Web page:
LOS ANGELES (Reuters) - The Sundance Film festival, the top U.S. gathering for independent cinema, on Wednesday unveiled its competitive lineup for 2012, some of which will become the most talked-about movies of the upcoming year.
The 58 movies, both narrative features and documentaries, cover a range of topics, but festival organizers said at least one theme emerged among the 16 U.S. features in competition: characters are searching for deeper meaning to their lives in an often confusing and troubling world.
“(Filmmakers) seem to be questioning the idea of marriage and family, the whole notion of what family is. I found that a lot -- questioning ideas of the American Dream,” festival director John Cooper told Reuters.
Overall, 4,042 features films from around the world were submitted for the festival that is backed by Robert Redford’s Sundance Institute for filmmaking and is the premiere U.S. event for movies made outside Hollywood’s major studios.
Each year, many movies that screen at Sundance will become the darlings of critics in art houses, and some will compete for honors in Hollywood’s awards season. Big successes from previous Sundance festival’s include comedy “Little Miss Sunshine” and documentary “An Inconvenient Truth.”
Cooper said weak economies around the world have challenged filmmakers to search wider and dig deeper for funding to make movies, and that fact has led to more creative thinking and greater focus in the stories heading to silver screens.
“In times of economic crisis, art tends to thrive. I‘m not sure why that is, but it seems it just happens,” he said. “A creative bar is set by each year as filmmakers see the films that are successful commercially and with critics, and filmmakers are aware they have to be a little bit better.”
The upcoming 2012 Sundance kicks off on January 19 with a series of “Day One” screenings comprised of one feature and one documentary from each of the U.S. films and world cinema sections -- movies made outside the United States.
The U.S. first day feature is director Todd Louiso’s “Hello I Must Be Going,” which tells of a 35-year-old woman who moves back into the home of her parents. The Day One U.S. documentary is “The Queen of Versailles,” which tells of a wealthy couple building the biggest house in America -- 90,000 square feet -- until it is foreclosed upon.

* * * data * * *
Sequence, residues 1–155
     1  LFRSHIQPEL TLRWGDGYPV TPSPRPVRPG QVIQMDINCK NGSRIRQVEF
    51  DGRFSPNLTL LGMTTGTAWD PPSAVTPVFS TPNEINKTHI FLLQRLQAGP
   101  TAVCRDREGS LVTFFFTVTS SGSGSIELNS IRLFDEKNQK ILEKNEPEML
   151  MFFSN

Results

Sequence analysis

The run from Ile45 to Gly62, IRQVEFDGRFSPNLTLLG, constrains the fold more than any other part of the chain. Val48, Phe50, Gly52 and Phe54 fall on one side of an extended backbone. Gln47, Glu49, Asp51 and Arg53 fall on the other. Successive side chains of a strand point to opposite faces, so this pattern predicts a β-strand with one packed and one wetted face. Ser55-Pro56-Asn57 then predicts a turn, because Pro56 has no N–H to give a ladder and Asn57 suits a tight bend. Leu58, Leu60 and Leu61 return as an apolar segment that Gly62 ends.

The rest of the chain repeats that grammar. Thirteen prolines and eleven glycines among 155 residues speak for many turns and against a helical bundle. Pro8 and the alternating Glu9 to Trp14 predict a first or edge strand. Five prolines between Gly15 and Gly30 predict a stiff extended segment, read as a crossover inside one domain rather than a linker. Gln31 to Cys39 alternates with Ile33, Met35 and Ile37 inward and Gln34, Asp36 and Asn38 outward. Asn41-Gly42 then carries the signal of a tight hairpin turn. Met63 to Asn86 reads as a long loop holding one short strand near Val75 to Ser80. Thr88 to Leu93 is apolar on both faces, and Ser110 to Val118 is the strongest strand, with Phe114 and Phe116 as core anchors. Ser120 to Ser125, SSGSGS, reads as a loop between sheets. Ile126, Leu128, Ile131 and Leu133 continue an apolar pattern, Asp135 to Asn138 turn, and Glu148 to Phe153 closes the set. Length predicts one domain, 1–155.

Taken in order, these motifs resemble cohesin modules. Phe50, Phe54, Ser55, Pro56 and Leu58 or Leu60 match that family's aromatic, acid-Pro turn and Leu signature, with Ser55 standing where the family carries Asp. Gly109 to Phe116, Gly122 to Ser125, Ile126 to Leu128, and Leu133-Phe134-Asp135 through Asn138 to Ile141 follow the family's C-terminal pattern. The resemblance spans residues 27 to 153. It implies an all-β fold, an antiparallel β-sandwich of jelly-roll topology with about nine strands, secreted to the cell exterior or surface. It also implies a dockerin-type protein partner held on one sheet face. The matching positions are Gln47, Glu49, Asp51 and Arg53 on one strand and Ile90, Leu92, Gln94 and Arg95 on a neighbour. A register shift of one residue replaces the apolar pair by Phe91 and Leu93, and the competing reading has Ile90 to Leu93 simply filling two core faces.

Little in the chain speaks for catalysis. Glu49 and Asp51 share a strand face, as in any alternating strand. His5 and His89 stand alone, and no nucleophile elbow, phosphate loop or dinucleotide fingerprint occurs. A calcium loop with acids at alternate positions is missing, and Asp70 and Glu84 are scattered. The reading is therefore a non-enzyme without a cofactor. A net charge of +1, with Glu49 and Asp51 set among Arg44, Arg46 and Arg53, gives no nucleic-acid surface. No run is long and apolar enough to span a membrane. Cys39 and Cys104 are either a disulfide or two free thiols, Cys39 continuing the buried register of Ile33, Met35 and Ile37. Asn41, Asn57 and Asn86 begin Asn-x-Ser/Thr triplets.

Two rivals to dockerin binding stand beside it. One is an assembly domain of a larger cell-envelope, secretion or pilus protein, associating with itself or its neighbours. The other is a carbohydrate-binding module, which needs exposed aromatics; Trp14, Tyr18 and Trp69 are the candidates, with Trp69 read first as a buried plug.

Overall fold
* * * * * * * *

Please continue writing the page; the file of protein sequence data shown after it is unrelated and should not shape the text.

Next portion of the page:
Other feature film titles in the U.S. competition include “The End of Love,” which looks at one young father whose life unravels at the death of his wife, and “Middle of Nowhere” about a woman who struggles to maintain her marriage and sense of self after her husband lands in jail.
U.S. documentaries include “Ai Weiwei: Never Sorry” about the Chinese artist and political activist and “ME at the ZOO,” which tells of video blogger Chris Crocker.
The feature films in the world cinema competition are a wide-ranging bunch that include the title “L,” a Greek movie about a man who lives in his car and is troubled by motorcycle riders, and “The Last Elvis” (“El Ultimo Elvis”), which tells of an Elvis impersonator in Buenos Aires.
Cooper said many of world cinema documentaries take on big topics, especially among documentaries where titles include “1/2 Revolution” about this year’s overthrow of the Egyptian government, and “China Heavyweight” which uses boxing to look at changing lifestyles in that fast-growing country.
They are “saying here’s solutions and telling us what we can do,” said Cooper. “I think that’s the optimistic part. There are a lot of calls to action, which is exciting.”
The competition movies earn much of the attention at Sundance, but there are sections for world premieres that will include major stars, as well as ultra low-budget movies, short films and other movies whose selection will be named in coming days.
Overall, this year’s festival will feature 110 movies from 31 countries and 46 first-time filmmakers. The festival begins on January 19, 2012 and runs through January 29.
Editing by Jill Serjeant